Dos and Don’ts of Teaching American Slavery (for White Educators)

The Southern Poverty Law Center and Teaching Tolerance recently released a report entitled, “Teaching Hard History: American Slavery.” It is essential reading for all teachers; all subjects and all grade levels. The companion podcast series of the same name is equally valuable for educators. For U.S history teachers, like myself, that teach American slavery as part of our curriculum, the release of this report represents a watershed moment. This country has never even attempted to face the reality of nearly 250 years of enslavement of black people. What we need is a groundswell of history teachers willing to comprehensively teach the hard history of American slavery in the classroom.


The teaching of American slavery should not be standardized or trivialized. It should be prioritized. At the very center of the story of Colonial America and the first 100 years of U.S. history lies the “peculiar institution” of American slavery. Textbooks and curriculum standards treat the issue much more fairly than ever before. There are remnants of the Southern “lost cause,” but by and large secondary level textbooks want students to see slavery as a horrible and tragic historical reality. While today’s students are familiar with the violence of American slavery, they are often taught that slavery was a reality for which no one in particular was to blame. Textbooks and standards consistently portray American slavery as a single blemish on an otherwise perfect track record of “the greatest nation in the world.” American slavery is not often portrayed in curriculum standards as the single most defining characteristic of Colonial America leading up to and during the struggle for independence from Great Britain. Browsing through many U.S. history textbooks, it would appear that American slavery had its origins in the early seventeenth century, but then did not exist for perhaps 200 years until the early part of the nineteenth century as a contributing cause of the Civil War. In many textbooks, there are long periods of U.S. history where the continuing impact of American slavery is not brought to bear.

The teaching of American slavery should not be standardized or trivialized. It should be prioritized.

Teachers are responsible for teaching the curriculum standards for their given content area and, to a lesser degree, the textbook that has been assigned to them. Every day, however, teachers make a multitude of decisions on what material to emphasize and de-emphasize. Curriculum standards should be taught in their entirety, but they are not intended to be the only material a teacher can teach. History teachers can responsibly teach all the standards, while creating specific emphases on hard history like American slavery. With a view to the importance of this particular subject matter, I humbly present my “dos and don’ts of teaching American slavery.” I cannot separate my pedagogical practices from my experience as a white educator. Teachers of color will no doubt approach many of these practices with a different perspective and perhaps a markedly different list of dos and don’ts.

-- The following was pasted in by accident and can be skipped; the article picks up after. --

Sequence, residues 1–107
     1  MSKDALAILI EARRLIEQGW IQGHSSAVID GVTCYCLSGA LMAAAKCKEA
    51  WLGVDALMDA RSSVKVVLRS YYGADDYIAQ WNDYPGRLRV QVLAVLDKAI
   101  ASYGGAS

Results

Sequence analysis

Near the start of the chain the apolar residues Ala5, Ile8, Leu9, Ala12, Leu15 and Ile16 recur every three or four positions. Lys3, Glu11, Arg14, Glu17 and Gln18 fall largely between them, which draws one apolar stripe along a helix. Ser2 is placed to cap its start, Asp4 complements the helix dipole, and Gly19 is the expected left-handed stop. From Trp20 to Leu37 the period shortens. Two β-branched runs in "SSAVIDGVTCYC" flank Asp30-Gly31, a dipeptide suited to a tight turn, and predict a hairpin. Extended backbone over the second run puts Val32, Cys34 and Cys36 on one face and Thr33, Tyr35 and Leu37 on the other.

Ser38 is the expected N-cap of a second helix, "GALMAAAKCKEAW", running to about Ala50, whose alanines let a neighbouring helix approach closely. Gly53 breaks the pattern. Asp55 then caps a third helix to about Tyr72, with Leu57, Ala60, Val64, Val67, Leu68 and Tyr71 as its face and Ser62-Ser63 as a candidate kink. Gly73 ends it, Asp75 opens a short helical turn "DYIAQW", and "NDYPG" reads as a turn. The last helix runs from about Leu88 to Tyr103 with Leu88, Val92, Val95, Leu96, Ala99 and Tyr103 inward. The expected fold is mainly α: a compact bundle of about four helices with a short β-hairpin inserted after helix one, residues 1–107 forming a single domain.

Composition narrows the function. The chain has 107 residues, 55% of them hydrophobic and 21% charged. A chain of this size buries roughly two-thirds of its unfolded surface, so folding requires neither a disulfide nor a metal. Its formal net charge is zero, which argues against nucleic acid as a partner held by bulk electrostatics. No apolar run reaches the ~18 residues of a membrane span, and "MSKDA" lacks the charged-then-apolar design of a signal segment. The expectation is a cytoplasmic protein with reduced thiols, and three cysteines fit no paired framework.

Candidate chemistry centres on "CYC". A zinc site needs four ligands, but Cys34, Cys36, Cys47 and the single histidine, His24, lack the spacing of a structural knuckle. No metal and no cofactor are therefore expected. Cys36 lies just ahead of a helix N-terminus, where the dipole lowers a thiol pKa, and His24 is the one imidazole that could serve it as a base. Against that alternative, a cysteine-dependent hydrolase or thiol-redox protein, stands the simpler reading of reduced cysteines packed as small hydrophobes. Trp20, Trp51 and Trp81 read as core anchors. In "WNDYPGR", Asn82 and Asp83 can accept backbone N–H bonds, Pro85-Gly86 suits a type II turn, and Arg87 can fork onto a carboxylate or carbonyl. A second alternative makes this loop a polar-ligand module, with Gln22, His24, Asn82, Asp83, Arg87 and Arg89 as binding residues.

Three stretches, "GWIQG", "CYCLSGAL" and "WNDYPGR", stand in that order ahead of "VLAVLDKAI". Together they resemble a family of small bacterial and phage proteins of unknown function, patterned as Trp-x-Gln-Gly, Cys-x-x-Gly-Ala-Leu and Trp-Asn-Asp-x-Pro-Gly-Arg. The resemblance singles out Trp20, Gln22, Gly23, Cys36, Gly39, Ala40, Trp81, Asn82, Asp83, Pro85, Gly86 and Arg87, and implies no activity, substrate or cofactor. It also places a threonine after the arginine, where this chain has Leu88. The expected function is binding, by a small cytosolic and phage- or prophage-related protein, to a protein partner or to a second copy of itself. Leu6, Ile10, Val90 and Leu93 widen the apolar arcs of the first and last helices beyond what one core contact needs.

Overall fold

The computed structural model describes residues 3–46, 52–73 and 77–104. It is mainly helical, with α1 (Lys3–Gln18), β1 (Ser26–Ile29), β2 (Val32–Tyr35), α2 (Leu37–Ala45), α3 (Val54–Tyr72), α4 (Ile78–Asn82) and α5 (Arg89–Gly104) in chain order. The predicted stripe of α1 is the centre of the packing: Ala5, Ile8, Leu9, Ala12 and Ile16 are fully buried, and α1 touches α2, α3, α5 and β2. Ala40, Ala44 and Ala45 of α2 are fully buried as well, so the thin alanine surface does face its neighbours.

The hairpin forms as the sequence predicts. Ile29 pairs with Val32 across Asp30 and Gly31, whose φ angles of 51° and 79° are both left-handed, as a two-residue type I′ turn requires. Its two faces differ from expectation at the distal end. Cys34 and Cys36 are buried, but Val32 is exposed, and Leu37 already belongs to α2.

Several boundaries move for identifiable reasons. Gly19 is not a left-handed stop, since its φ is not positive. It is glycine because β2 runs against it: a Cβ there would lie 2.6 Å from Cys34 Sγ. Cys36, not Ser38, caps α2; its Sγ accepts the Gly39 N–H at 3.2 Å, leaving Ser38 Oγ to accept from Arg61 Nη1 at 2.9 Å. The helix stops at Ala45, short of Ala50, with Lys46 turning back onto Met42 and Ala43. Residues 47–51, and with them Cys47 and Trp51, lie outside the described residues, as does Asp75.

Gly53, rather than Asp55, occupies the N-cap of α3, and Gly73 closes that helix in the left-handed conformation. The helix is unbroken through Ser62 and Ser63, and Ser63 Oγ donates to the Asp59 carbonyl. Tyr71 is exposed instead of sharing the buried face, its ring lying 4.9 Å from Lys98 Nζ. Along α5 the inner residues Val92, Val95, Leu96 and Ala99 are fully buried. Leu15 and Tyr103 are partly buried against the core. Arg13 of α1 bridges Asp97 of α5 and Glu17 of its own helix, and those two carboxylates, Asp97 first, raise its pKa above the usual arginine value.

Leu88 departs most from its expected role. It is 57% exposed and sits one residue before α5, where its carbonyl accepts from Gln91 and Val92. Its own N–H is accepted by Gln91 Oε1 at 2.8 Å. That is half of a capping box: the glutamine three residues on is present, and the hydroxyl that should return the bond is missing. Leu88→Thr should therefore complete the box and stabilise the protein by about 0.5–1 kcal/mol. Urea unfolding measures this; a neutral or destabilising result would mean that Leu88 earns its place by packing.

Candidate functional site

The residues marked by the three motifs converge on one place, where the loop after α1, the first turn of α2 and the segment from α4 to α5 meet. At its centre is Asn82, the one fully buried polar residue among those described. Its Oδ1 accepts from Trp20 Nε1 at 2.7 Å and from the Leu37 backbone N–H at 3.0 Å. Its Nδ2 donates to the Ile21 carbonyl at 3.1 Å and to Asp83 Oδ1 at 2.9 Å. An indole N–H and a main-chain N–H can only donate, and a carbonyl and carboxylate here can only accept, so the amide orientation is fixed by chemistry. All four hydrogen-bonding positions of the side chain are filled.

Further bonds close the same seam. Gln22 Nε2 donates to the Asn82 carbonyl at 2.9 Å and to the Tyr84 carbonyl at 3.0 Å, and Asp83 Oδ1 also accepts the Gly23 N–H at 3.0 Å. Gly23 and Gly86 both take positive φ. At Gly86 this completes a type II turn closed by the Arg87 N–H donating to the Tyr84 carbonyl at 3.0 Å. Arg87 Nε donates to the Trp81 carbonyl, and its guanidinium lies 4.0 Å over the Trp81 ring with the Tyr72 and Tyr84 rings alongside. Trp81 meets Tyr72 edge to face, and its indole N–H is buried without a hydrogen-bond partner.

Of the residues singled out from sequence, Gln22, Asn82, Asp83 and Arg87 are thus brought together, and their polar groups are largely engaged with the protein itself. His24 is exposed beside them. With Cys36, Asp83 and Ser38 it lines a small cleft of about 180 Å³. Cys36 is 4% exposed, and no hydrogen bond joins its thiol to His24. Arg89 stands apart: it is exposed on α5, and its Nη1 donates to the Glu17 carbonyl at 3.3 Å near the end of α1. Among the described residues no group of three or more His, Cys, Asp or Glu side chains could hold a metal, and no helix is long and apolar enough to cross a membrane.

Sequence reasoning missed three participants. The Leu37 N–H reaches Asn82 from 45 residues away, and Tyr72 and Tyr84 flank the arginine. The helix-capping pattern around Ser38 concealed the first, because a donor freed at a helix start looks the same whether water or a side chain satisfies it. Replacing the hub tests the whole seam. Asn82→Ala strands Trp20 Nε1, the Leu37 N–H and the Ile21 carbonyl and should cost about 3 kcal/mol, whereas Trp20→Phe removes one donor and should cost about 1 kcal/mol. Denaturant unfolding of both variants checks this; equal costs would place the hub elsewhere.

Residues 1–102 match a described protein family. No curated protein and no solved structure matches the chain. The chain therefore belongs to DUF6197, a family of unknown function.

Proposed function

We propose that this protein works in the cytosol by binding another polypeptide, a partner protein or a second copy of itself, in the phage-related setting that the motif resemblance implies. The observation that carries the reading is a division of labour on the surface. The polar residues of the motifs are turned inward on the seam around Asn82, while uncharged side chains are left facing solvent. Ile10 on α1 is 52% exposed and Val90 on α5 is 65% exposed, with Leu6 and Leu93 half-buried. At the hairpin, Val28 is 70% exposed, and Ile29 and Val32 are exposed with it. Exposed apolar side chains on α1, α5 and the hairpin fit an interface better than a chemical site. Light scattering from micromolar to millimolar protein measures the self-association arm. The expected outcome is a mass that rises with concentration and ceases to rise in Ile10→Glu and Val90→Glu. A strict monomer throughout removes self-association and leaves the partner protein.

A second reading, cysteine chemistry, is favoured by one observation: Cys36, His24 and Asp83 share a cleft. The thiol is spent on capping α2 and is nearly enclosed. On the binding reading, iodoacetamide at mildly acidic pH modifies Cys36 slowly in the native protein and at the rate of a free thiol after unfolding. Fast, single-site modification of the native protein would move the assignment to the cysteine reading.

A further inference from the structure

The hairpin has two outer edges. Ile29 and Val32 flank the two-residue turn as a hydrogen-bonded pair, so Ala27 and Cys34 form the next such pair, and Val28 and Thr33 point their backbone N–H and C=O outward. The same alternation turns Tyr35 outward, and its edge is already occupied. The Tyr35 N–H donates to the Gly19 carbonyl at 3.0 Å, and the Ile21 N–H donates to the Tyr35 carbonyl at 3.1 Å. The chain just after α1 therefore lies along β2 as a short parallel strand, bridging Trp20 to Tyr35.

Do have students draw people of color. Stick figures should not be all white.
Do use humanizing language like “enslaved people.”
Do include a full study of 19th century African American culture; a culture that thrived under the brutality of slavery.
Do reclaim the power and legacy of Alex Haley’s “Roots” to help humanize enslaved African Americans.
Do teach the experiences of enslaved African Americans at each stage of U.S. history beginning in 1619.
Do allow black students to feel angry.
Do allow white students to feel uncomfortable.
Do teach the multitude of ways that African Americans resisted slavery.
Do allow students to see and hear film dramatization of white people saying the “n” word.
Do implicate the North in the profiteering from and perpetuation of slavery.
Do utilize films that portray black agency like “Amistad” and “Glory.”
Do teach Abraham Lincoln as a flawed individual who never fully embraced the tenets of abolitionism.

Don’t have students draw enslaved people being whipped, hung, etc…
Don’t define and restrict enslaved people by calling them “slaves.”
Don’t play academic games related to slavery.
Don’t use euphemisms that derive from American slavery like “sold down the river” and “cotton-picking.” And don’t ever play “Hangman.”
Don’t recreate, simulate, or role-play slavery.
Don’t have students imagine themselves as enslaved people.
Don’t overemphasize white figures like John Brown, Harriet Beecher Stowe, and William Lloyd Garrison.
Don’t say, “You couldn’t do this” or “You couldn’t do that.”
Don’t intentionally make white students feel guilty.
Don’t say or read aloud the “n” word. Don’t allow students to say or read aloud the “n” word.
Don’t teach Confederate myths like kindly masters or black Confederate soldiers.
Don’t celebrate “Colonial Days.”


2 thoughts on “Dos and Don’ts of Teaching American Slavery (for White Educators)

  1. Hangman comes from 17th century Europe when criminals were hung. Why is this not appropriate because of slavery?


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